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Three Oaks Christmas Craft Fair booms with success for buyers and sellers alike

Danielle Gaudry-MacFadyen, owner of Humina Humina in Augustine Cove, P.E.I., hooked many shoppers and casual browsers in the cafeteria location with her kaleidoscope of yarn inspirations.
Danielle Gaudry-MacFadyen, owner of Humina Humina in Augustine Cove, P.E.I., hooked many shoppers and casual browsers in the cafeteria location with her kaleidoscope of yarn inspirations. - Desiree Anstey

Craft fair kicks off the spirit of the season with 142 vendors from P.E.I., New Brunswick and Nova Scotia

SummersideThousands of eager shoppers descend on the 32nd annual Three Oaks Christmas Craft Fair at the city school in Summerside, Saturday.

Lines extended into the parking spaces at both entrances, as shoppers waited patiently in the blustery cold to take in all the one of a kind gifts and crafts by the numerous artists and artisans from P.E.I., New Brunswick and Nova Scotia, inside.

Danielle Gaudry-MacFadyen, owner of Humina Humina in Augustine Cove, P.E.I., hooked many shoppers and casual browsers in the cafeteria location with her kaleidoscope of yarn inspirations.

“My grandmother tried to teach me how to knit, about three times, and I could never remember how to do it, so I decided to take an introduction crochet class in Halifax,” explained Gaudry. “But it never stuck, so I started watching online videos and ended up teaching myself.”

On display were a cozy hooded fox blanket, mermaid tails, stuffed animals, scarves, and toques for adults and kids, and shoppers reminded that the cold season is right around the corner were quickly plucking Gaudry’s pieces from the table.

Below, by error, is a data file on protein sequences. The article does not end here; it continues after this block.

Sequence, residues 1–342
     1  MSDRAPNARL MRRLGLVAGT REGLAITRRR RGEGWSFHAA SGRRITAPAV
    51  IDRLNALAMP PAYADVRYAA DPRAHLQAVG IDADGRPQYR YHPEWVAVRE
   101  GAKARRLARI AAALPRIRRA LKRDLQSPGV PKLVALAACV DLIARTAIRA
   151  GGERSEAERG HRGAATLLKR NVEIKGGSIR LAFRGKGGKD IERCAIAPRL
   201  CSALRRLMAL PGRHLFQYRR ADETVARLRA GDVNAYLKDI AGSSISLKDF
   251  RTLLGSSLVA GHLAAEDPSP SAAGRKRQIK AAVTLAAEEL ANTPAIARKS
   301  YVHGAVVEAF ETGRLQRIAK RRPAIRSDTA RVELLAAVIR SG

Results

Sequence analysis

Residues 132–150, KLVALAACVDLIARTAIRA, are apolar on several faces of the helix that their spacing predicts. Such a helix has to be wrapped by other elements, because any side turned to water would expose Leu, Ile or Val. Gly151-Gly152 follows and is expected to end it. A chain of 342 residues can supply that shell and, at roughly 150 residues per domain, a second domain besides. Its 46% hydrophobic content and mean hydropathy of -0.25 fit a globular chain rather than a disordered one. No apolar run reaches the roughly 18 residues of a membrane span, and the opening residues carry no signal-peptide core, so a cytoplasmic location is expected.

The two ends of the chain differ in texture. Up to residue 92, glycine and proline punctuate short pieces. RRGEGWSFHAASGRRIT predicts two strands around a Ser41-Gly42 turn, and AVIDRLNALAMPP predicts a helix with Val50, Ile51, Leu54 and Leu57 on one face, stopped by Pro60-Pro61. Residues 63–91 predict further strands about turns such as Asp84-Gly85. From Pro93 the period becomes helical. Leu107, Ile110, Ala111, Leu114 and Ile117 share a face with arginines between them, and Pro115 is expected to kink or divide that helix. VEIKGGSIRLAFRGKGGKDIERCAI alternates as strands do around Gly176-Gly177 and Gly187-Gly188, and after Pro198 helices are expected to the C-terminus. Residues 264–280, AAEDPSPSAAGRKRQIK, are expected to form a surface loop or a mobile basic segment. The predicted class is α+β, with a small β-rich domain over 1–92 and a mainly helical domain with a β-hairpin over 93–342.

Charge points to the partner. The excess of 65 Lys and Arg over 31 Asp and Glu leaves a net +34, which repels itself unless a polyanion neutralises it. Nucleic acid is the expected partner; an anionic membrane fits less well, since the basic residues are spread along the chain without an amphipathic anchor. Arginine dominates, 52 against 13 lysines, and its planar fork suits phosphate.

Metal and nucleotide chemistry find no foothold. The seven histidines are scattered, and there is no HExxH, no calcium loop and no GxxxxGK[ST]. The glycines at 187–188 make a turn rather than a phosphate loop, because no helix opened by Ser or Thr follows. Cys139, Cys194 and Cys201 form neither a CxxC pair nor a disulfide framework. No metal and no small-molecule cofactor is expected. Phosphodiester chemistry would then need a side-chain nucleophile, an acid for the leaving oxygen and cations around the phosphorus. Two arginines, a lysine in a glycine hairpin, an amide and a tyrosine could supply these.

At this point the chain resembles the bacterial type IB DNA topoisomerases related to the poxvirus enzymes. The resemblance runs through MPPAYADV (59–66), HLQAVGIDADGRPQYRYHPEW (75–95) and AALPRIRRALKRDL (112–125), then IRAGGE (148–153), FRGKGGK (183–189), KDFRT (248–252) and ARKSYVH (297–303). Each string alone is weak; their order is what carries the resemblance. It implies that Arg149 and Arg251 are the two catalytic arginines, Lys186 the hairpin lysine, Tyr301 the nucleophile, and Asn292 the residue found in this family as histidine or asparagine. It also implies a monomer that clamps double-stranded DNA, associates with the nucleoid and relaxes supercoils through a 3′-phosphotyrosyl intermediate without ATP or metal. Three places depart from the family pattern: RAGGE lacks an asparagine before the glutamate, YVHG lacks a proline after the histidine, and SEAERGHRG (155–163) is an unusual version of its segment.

“I can make a mermaid blanket in a day,” chimed Gaudry, who started selling her creations at the craft fair five years ago.

One of the 142 vendors, James Schurman, strategically placed his fine metal art and signs, located in the Bus Door Hallway, on a fluorescent yellow background to capture attention from the crowd.

“I’ve been making signs for four years now with my wife, Monica. It started as a hobby and then grew into a business,” said Schurman, who runs Island Metal Art from his home on Victoria Street, in Kensington.

“You draw the sign on the computer (using specialist software) and then the machine cuts the metal, there’s sanding, buffing and painting. It’s very dirty, and I thought it would be a nice clean hobby, but it’s very dusty and dirty,” he added.

The metal signs and art, made from stainless steel or aluminum, are used for multi-purposes.

“We do a lot of family signs (names or house numbers) with posts for outside the yard, and we make personalized signs that have included race cars and horses,” he said.

The two-day event, with an admission of $3, is a fun fundraiser that kicks off the spirit of the season.

Proceeds go towards a wide variety of student organizations within Three Oaks Senior High School, including student council activities, athletics, and the band program.

For more information on Humina Humina, visit www.etsy.com/shop/huminhuminadgd. And for more information on Island Metal Art, visit: www.islandmetalart.com.

 

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